Less than a week to go and we've lost all control of our budget. Unplanned line items are killing us, but do we fight? No. There's nothing left to lose.
And still I try, clinging to some long-forgotten budget, nickel-and-diming myself to a good night's sleep, saving pennies and spending pounds.
Should I feel guilty for spending only $9.95 on a Challah cover made of polyester and not silk? How many times are we going to use a Challah cover? Were we industrious and resourceful Jews, I would not have been buying a Challah cover today; we would have borrowed one. I'll bet The Hammer didn't have to go to the "Judaica" store near the JCC and buy a $9.95 Challah cover five days before her son's Bar Mitzvah.
By the time I reached the JCC, I'd already parallel parked seven times and spent almost $500 on things I don't remember seeing in the Bar Mitzvah Master Budget. Did I plan to start today by going into Bank of America (parallel park #1) and buying $40 of quarters? Of course not. Anyone who actually plans to do that is obviously unstable, or possesses an enormous amount of laundry.
It is true that by sending our chartered bus home Friday night after dropping us at Tarantino's, we save hundreds of dollars. And yet, the $40 I had to take out of the ATM today and immediately convert to quarters felt like an unplanned expense. The quarters are for our guests to hand over to the MUNI driver when we board, en masse, one of the quaint and whimsical waterfront trolleys that conveniently run from Fisherman's Wharf to the Hyatt Regency Embarcardero. Even as I am saving over $200 in overall expenses, it still feels like I am spending money.
At times, my odd little chores take on a surreal glow. Today, shortly after parallel parking for the third time (on Nob Hill, after waving my arms in what I hoped was a menacing way at the fat cat behind me who was chomping on a cigar in his Mercedes and refusing to back up so I could park), I had a brush with obtuse greatness and also seized the opportunity to act rudely in the presence of a man who probably knew Milton Berle.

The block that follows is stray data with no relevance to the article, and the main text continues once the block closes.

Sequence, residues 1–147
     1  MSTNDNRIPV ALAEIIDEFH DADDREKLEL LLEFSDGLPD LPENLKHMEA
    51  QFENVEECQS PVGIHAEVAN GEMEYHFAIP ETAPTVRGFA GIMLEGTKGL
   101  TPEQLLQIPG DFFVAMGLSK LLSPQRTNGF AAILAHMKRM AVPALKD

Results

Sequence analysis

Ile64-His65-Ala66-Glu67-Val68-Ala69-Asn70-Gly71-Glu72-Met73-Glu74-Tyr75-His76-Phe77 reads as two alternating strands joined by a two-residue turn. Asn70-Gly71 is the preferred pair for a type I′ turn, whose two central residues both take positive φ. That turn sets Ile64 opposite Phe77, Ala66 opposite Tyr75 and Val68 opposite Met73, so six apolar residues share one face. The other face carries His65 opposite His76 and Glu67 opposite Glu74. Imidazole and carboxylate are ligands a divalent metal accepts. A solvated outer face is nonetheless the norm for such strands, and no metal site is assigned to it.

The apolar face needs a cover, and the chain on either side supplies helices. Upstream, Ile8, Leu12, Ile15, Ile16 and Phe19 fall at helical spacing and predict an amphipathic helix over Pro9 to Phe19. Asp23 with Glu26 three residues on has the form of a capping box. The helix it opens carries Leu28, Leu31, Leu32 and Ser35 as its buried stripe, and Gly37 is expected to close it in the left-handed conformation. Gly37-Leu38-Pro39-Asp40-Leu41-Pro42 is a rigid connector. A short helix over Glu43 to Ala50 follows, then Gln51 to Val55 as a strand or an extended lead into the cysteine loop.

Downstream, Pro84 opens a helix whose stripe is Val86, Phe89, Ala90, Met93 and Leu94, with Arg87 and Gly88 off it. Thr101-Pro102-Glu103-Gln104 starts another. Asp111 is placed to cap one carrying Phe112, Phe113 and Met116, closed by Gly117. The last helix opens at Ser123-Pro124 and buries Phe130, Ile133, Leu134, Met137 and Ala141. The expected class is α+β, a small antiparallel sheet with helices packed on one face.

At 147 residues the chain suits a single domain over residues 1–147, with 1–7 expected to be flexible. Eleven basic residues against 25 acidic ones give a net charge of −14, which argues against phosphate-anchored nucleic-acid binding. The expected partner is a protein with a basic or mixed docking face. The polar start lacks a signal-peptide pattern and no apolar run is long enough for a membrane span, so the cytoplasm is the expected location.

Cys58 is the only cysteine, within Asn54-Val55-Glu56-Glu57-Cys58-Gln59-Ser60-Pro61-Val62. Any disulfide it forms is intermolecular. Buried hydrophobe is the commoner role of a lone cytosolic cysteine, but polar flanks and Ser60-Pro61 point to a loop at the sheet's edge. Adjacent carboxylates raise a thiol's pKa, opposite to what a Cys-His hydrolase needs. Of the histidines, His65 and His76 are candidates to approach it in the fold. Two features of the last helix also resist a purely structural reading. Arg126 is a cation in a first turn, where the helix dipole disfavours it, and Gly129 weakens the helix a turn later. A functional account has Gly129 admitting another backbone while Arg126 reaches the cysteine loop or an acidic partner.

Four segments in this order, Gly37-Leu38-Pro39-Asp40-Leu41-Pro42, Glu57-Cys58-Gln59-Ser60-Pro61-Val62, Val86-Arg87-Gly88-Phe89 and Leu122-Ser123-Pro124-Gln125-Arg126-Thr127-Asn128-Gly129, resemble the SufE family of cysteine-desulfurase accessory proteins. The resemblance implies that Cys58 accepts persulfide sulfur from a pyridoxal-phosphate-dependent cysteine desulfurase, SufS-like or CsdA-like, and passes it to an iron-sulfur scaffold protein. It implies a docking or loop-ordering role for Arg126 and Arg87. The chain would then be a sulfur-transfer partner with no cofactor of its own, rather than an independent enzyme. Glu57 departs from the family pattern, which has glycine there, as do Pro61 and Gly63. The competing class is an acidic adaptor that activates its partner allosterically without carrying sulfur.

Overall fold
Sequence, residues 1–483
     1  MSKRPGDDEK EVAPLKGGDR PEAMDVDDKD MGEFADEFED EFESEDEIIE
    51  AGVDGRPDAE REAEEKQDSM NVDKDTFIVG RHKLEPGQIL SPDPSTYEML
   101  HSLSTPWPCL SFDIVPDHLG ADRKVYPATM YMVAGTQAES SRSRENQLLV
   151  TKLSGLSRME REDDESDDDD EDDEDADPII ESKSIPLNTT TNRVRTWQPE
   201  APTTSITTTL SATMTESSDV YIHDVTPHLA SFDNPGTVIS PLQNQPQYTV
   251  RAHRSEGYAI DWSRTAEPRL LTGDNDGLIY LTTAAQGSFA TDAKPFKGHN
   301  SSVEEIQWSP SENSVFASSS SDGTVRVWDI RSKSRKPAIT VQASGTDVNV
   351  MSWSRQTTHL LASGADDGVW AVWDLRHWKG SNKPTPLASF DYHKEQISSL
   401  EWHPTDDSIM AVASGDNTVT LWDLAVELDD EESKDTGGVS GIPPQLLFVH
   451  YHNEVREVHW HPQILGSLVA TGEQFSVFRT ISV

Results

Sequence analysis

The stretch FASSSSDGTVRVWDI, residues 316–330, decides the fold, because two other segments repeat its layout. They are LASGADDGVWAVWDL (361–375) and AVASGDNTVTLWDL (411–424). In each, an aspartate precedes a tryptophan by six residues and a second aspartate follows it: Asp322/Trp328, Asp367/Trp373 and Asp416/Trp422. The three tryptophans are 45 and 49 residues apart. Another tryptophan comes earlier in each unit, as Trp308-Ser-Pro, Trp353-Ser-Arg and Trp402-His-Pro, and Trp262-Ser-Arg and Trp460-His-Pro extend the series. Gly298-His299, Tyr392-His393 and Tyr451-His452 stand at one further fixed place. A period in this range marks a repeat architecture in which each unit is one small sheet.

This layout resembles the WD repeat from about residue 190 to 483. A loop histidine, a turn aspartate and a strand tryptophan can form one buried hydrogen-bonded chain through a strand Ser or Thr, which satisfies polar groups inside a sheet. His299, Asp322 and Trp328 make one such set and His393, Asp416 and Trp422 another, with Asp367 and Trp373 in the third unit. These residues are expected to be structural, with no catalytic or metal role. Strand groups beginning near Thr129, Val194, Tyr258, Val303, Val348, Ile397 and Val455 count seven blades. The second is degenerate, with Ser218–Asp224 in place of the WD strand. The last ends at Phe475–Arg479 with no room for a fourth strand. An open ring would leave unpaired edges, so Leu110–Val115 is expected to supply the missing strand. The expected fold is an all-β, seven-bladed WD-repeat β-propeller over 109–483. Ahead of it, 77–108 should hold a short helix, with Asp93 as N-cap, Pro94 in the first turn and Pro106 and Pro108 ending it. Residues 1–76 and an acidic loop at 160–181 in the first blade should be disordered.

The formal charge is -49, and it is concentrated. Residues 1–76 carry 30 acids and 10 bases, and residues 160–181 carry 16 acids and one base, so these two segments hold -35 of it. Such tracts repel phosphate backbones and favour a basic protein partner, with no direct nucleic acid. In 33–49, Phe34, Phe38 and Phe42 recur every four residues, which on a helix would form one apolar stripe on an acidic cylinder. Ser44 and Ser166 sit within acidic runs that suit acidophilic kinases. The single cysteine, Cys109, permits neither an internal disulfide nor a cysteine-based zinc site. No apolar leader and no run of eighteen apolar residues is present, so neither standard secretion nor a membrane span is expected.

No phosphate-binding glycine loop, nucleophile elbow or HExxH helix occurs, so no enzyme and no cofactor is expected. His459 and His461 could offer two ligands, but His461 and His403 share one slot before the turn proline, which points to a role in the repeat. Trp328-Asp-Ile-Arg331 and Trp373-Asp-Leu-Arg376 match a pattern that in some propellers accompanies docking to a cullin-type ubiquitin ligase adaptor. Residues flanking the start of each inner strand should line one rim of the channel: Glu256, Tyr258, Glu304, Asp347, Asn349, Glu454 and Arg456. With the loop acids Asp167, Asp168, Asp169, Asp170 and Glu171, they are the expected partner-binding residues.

Shelley Berman was standing at the concierge at the Mark Hopkins Hotel on Nob Hill, looking about 1,000 years old, trying politely to understand how his plane tickets to Burbank worked. I was the obnoxious middle-aged guy who ignored Shelley -- who as recently as 2008 was nominated for an Emmy Award for his role as Larry David's dad on "Curb Your Enthusiasm" -- before finding out that I wasn't even in the right hotel to begin with.
I would like to apologize to Shelley Berman, his wife Sarah (they have been married since 1948), the guy I mistook for a hotel employee when he was just a good samaritan helping Shelley with his plane tickets -- because who wouldn't help Shelley Berman with his plane tickets? What kind of boor shoves past a dapper, elderly, toupee-wearing Shelley Berman in order to meet his own selfish needs?
The kind who has completed 33% of his parallel parking for the day.
By the time I reached Dayanu, the Judaica store where I bought the Challah cover, my nerves were shot. What is a Judaica store? It is like a gift shop, only the t-shirts all have different whimsical puns based on the Hebrew "Chai" (life) written across the front.
This time, as I parallel parked (#7) amidst whizzing traffic on California Street, some wag in a Cadillac slowed down, rolled down his window and shouted, "I wish my car would park that easy!" I gave him a courtesy laugh. We get it, pal; you drive a Cadillac. I'll bet Shelley Berman drives one, too.
Then I'm standing in front of Dayanu. There is a sign on the (locked) front door of Dayanu, whose slogan, at least to me, should be, "Where else are you going to buy a Challah cover in San Francisco?" The sign reads: "Back in five minutes!"